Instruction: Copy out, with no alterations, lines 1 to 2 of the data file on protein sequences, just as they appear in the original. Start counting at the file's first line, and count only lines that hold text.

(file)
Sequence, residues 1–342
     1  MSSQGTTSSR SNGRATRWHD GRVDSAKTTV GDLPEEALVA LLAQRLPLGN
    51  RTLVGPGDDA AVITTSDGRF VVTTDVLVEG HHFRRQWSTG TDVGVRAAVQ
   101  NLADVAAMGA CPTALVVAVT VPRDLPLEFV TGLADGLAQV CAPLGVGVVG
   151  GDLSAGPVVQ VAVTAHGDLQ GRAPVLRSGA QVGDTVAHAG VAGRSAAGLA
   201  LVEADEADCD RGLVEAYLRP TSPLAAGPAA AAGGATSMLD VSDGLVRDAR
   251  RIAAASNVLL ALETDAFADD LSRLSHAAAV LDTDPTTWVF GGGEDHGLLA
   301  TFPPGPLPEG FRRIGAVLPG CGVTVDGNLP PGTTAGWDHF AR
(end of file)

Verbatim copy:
Sequence, residues 1–342
     1  MSSQGTTSSR SNGRATRWHD GRVDSAKTTV GDLPEEALVA LLAQRLPLGN